The saying goes “a picture is worth a thousand words”. How true is this for Tolani?
Always true. One of the determinants of success in terms of a good photo is when the viewer can understand its message without a caption or an explanation;
The Photo of Martin Luther King at Capitol Hill
The photo of The Obamas, The Bush Family, John Lewis and so many leaders marching across the Selma bridge in March 2015
The Aerial shot of the APC Presidential Campaign in Ibadan in 2015
The Photo of President Buhari in Kano in 2015 and More Recently 2017.
The Photograph of Governor Ajimobi, Former Governor Alao Akala and Senator Teslim Folarin – November 2017.
These photos became powerful messages once they hit the eyes of the viewers.
What makes a good picture?
One that can be understood without a caption or explanation and most importantly photos that strike and create important conversations. The photos mentioned above created conversations, they were the main subject and debate of mainstream articles and it also shaped opinions and narratives.
What kind of photography do you do?
I do limitless photography (laughs) but if you need a label, call me a Documentary Photographer.
What projects do you have for 2018?
Too many to share, but one of the important motivation behind a project I’m working on this year is to change the way Nigeria is seen globally and internationally. I believe photography has the power to do just that. You’ll be surprised how many people see our photos. The message we send out should be positive because people outside continue to shape our narrative and we should be doing it ourselves. So many people want to come here and experience what makes this nation special but sometimes they don’t. I think images play a role… I’d like to be a game changer to that effect and I’m looking forward to driving projects that do illuminate a glowing narrative..that’s a side of the story that matters and should be told fearlessly. For now, I’ll just say “Look out World”.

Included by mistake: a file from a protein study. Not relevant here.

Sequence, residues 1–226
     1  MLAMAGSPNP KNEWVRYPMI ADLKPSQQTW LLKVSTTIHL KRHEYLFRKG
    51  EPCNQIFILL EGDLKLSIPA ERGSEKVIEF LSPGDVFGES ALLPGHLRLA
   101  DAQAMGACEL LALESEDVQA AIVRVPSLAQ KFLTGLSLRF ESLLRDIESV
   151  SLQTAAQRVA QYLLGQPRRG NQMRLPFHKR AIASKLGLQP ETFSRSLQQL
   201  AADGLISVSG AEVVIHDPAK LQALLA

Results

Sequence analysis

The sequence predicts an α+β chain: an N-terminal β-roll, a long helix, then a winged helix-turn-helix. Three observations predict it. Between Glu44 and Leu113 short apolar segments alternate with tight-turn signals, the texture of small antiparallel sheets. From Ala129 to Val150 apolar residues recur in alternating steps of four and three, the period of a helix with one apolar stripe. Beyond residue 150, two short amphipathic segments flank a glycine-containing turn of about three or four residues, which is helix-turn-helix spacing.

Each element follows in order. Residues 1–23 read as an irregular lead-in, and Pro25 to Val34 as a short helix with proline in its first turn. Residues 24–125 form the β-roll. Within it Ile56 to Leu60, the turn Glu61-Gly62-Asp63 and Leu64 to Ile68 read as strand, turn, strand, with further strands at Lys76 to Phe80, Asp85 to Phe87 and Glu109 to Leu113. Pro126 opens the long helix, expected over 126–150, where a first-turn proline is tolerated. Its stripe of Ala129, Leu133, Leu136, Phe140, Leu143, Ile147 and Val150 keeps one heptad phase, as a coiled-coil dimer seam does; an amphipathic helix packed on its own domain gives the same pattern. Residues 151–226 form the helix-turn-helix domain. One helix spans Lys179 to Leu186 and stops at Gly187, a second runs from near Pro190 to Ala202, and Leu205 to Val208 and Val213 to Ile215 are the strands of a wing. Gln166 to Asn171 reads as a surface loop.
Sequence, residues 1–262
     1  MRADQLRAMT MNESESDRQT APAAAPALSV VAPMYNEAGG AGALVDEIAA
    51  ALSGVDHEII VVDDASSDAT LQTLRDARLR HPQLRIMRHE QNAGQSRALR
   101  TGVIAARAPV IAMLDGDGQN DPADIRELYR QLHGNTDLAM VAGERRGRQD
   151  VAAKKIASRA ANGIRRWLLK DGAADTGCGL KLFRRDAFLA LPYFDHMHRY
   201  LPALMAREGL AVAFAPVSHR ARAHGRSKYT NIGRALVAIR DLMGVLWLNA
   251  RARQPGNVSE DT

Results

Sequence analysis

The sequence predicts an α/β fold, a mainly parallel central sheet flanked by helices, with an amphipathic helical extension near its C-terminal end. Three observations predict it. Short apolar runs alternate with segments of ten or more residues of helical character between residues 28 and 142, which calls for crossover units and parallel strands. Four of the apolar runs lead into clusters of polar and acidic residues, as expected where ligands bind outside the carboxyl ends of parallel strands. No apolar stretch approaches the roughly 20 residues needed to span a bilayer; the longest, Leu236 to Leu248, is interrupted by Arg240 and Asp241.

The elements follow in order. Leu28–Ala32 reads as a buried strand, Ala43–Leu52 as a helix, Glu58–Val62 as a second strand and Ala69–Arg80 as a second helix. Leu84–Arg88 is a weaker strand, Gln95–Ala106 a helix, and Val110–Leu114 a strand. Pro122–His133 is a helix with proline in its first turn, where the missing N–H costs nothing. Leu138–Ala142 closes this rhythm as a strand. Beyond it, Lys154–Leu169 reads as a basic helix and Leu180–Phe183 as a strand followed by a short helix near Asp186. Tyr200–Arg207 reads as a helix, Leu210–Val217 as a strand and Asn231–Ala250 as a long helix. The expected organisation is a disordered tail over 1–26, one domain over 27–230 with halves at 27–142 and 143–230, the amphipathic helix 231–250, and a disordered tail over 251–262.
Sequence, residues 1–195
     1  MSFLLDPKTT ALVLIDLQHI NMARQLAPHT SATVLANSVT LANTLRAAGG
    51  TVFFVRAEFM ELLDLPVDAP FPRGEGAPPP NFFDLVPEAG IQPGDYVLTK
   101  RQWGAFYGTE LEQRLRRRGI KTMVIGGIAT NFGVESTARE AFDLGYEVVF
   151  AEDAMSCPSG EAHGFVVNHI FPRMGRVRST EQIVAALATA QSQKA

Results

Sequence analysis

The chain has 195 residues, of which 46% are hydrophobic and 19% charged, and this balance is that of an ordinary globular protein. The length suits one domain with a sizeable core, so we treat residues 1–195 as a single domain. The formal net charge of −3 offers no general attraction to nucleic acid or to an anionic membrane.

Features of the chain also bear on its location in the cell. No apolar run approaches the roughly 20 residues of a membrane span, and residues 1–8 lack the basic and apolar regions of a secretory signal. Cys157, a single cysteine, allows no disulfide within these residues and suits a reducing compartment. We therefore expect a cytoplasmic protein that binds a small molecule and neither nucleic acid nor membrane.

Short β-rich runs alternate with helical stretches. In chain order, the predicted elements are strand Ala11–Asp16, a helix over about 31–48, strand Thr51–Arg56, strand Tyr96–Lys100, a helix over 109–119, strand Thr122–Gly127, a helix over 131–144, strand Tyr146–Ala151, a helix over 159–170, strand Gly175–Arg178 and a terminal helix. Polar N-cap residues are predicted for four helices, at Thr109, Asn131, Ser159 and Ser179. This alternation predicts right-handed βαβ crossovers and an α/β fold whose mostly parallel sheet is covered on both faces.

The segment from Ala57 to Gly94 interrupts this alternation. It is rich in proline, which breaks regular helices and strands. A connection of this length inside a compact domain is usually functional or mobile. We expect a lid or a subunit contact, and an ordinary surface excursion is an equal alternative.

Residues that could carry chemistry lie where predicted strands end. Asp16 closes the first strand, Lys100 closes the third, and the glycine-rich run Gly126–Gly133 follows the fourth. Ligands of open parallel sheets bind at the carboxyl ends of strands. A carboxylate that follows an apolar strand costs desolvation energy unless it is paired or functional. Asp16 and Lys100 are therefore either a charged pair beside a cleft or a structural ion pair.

How would you describe the public acceptance of a professional female photographer?
My photography is better appreciated now than when I first started. One of the best portrait photographers is a woman – Ty Bello; one of the best kid portrait photographers is a woman – Ria Solanke; one of the best kids party photographer is a woman – Toun Okunnu; one of the best wedding photographer leading the new tribe is a woman – Gazmadu ; six women today are changing the face of personal photography in politics and society today – Myself, Novo Isioro, Haye Okoh, Benita Nnachortam, Adesuwa Iyare and Nguher Zaki.
Even though we are not heard from as much as we’d like to be, I would say professional female photographers are dominating the arena. I like to believe it’s definitely about our abilities rather than gender. Since we sometimes have to fight twice as hard as our male colleagues, going the extra mile to prove ourselves and show that we can handle it, often exposes us to harassment. But like Maya Angelou still we rise!